What is needed is will and determination. The first step is to talk openly about dementia because it’s a fact, well enshrined in folklore, that if we are to kill the demon then first we have to say its name.
Once we have recognised the demon, without secrecy or shame, we can find its weaknesses.
Regrettably one of the best swords for killing demons like this is made of gold - lots of gold.
These days we call it funding. I believe the D-day battle on Alzheimer’s will be engaged shortly and a lot of things I’ve heard from experts, not always formally, strengthen that belief.
It’s a physical disease, not some mystic curse; therefore it will fall to a physical cure. There’s time to kill the demon before it grows.
Maddy and I are off to Brazil in a few minutes. Well, we're off to New York where we change planes. But basically, we're off to Brazil together. She has the disarming smile. I have the unlikely facial hair. We're like Green Arrow and Speedy, only without the boxing glove arrows, the costumes, the similarity of gender and... okay, not really a good analogy, but what the hell, we're hitting the road. Or we will if the car turns up.
It turned up. We're now in JFK in the airline lounge. Soon we will get on a plane that will take us to São Paulo. I have bought Maddy every possible magazine a 13 year old girl could want, not to mention a bunch of books. I will carry on writing stories in longhand on the plane. Or sleeping. I could sleep.
There’s a lot more reaction appearing online to David Michaelis’ new book Schulz and Peanuts: A Biography. In the Wall Street Journal, Calvin and Hobbes creator Bill Watterson gives the book a positive review, saying that Michaelis has written a “a perceptive and compelling account of Schulz’s life” that “finally introduces Charles Schulz to us all.”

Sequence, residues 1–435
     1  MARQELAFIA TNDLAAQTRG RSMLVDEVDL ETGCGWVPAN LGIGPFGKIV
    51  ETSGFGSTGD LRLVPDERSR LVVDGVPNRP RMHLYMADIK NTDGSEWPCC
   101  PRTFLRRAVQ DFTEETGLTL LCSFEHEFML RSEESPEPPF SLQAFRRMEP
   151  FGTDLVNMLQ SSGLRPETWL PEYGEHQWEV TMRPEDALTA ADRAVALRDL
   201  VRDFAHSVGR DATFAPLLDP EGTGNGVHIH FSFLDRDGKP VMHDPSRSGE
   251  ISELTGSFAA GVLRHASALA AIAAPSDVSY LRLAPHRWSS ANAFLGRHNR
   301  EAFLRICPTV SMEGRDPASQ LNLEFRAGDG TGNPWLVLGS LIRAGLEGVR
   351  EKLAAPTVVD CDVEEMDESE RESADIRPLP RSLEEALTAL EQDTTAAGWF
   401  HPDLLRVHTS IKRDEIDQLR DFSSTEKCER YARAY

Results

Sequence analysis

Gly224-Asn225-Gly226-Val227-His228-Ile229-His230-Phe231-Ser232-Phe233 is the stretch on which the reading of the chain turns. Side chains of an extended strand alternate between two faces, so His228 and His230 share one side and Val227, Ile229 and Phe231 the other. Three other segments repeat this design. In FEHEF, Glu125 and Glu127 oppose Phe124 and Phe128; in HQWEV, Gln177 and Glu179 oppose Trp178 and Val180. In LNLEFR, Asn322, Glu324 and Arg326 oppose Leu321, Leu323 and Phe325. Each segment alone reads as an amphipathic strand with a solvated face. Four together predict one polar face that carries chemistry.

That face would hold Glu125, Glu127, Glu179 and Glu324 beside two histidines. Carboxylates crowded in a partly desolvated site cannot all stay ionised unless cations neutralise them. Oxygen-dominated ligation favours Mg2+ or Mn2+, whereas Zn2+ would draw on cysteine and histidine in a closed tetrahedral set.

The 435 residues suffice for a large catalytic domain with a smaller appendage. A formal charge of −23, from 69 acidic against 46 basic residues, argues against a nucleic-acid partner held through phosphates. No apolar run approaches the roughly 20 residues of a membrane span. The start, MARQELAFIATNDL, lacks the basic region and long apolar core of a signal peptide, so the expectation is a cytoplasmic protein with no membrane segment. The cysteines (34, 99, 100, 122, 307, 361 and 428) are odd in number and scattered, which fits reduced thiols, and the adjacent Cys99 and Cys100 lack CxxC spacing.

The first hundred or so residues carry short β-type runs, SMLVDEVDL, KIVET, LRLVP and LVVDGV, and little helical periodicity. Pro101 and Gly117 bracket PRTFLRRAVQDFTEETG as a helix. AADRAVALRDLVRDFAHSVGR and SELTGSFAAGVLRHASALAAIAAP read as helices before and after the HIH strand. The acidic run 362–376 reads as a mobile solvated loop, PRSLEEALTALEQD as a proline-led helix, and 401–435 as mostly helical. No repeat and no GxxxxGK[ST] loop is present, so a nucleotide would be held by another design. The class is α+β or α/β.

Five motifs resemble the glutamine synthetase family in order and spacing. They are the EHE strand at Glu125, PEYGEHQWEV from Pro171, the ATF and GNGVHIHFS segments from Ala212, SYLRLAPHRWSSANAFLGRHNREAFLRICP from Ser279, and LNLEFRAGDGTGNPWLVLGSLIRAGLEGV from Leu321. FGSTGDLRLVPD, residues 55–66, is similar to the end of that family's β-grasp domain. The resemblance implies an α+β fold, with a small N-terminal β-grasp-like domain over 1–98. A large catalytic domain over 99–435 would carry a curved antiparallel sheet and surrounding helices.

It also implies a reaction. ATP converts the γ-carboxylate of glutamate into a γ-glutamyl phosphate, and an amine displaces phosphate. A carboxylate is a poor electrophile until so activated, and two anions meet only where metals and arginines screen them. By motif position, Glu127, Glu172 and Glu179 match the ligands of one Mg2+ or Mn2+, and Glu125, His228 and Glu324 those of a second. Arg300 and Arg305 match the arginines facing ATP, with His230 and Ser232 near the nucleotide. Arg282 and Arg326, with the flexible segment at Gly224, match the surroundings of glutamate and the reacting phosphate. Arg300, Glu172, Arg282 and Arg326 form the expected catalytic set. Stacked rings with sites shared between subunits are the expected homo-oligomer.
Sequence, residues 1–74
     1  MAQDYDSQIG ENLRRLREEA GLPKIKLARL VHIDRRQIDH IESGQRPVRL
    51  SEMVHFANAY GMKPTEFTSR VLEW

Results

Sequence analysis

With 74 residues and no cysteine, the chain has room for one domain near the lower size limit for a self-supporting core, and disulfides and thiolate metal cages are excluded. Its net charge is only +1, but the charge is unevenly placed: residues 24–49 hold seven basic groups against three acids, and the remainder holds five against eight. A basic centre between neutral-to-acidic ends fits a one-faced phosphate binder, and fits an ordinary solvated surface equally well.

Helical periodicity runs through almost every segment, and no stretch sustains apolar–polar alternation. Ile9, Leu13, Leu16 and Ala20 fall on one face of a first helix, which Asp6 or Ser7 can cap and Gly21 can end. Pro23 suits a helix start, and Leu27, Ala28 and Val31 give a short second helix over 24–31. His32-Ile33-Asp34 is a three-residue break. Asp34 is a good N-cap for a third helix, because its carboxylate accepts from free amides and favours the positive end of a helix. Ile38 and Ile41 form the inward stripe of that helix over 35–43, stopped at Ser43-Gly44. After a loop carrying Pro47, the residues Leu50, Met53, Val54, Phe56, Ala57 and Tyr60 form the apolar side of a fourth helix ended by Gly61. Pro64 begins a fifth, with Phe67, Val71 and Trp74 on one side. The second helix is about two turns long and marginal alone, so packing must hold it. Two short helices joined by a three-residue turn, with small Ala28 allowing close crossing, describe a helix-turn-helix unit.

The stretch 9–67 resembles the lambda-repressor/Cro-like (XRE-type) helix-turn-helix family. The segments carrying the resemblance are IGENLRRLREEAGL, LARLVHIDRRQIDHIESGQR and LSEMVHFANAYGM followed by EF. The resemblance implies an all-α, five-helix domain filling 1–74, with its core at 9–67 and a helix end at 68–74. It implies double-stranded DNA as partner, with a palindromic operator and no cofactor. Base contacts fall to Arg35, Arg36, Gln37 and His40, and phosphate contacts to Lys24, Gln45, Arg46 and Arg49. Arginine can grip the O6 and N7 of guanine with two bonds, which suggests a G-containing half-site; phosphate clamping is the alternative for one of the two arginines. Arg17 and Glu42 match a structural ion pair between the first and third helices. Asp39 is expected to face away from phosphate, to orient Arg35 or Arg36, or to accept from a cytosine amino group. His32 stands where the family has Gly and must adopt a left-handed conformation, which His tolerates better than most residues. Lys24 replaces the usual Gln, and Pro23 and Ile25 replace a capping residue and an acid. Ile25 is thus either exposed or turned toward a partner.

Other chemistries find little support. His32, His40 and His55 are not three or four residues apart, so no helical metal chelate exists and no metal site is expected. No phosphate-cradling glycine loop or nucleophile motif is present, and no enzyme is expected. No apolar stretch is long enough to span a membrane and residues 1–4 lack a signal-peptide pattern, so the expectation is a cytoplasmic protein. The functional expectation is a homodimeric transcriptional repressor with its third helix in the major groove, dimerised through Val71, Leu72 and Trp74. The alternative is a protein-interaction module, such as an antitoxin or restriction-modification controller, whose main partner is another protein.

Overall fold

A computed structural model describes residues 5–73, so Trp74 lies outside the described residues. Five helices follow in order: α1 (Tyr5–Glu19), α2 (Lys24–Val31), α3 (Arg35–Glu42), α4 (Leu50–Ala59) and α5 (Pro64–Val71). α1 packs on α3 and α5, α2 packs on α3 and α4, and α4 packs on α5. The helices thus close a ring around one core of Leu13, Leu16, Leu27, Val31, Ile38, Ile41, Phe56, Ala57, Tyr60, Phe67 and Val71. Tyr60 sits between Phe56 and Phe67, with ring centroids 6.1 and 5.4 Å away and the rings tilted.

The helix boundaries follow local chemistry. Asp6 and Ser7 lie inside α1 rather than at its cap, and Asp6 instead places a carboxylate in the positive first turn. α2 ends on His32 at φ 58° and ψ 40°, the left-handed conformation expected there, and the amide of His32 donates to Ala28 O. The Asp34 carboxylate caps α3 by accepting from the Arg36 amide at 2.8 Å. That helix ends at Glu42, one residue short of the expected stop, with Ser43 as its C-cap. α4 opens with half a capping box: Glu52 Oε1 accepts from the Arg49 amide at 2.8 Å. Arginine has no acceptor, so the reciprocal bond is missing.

Editor & Publisher has an excellent piece highlighting many of the revelations in the book and the family’s objections to them.
Charles Schulz’s son, Monte, who we’ve already pointed out isn’t pleased with the book, posted a comment on our previous Cartoon Brew post further detailing his objections. Here’s his comment in full:
The point of objection to this biography of my father is how much is simply untruthful, and deliberately so. There are many factual errors throughout the book; there are people who are give authority to speak about our family who have no insight to do so; and there are so many elements of my father’s life that David deliberately left out of the book, that it really is impossible for anyone outside of our family, or Dad’s circle of friends, to come to any genuine conclusions. I can tell you absolutely that he was not a depressed, melancholy person, nor was he unaffectionate and absent as a parent. Honestly, the quote I’ve really wanted to give the press, after reading both the early of the manuscript and the final book, is this: “The book is stupid, and David Michaelis is an idiot.” That said, I had a six year on-going conversation with him about this book, and like David quite a lot. But I was shocked to see the book that emerged, because it veered so drastically away from what he told us he intended to write. Which is why we’ve been so militant in our response. Incidentally, the material David edited out of the book is even more outrageous. The fact is, after reading the book, I decided I’d learned more about David Michaelis than I did about my dad. I found that interesting.”
Horton Hears A Who is a 1992 Russian animated short directed by Alexei Karayev, who also directed another Dr. Seuss adaptation that we’d linked to earlier called Welcome (1986). The English translation of the piece, producd at Pilot Studio, was done by Niffiwan who writes more about the film on his excellent Russian animation blog Animatsiya in English.
Haven’t had a moment to watch the film yet, although the man-elephant design of the title character is a bit off-putting at first glance. Niffiwan writes, “The art took me a little time to get used to, but I soon realized that it is really quite beautiful…It shows the exaggerated, overly-saturated, slightly unreal world of the creatures which must seem like gods to the people on the dust speck.” He also offers a thought about how this Russian version compares to the recent trailer for Blue Sky’s Horton:
I think that Pilot Studio’s version changes the surface layer by using an utterly different art style (among other things), but keeps the heart and soul of the story completely intact. The Blue Sky adaptation looks like it will do the opposite; keep the pretty crust and toss the insides.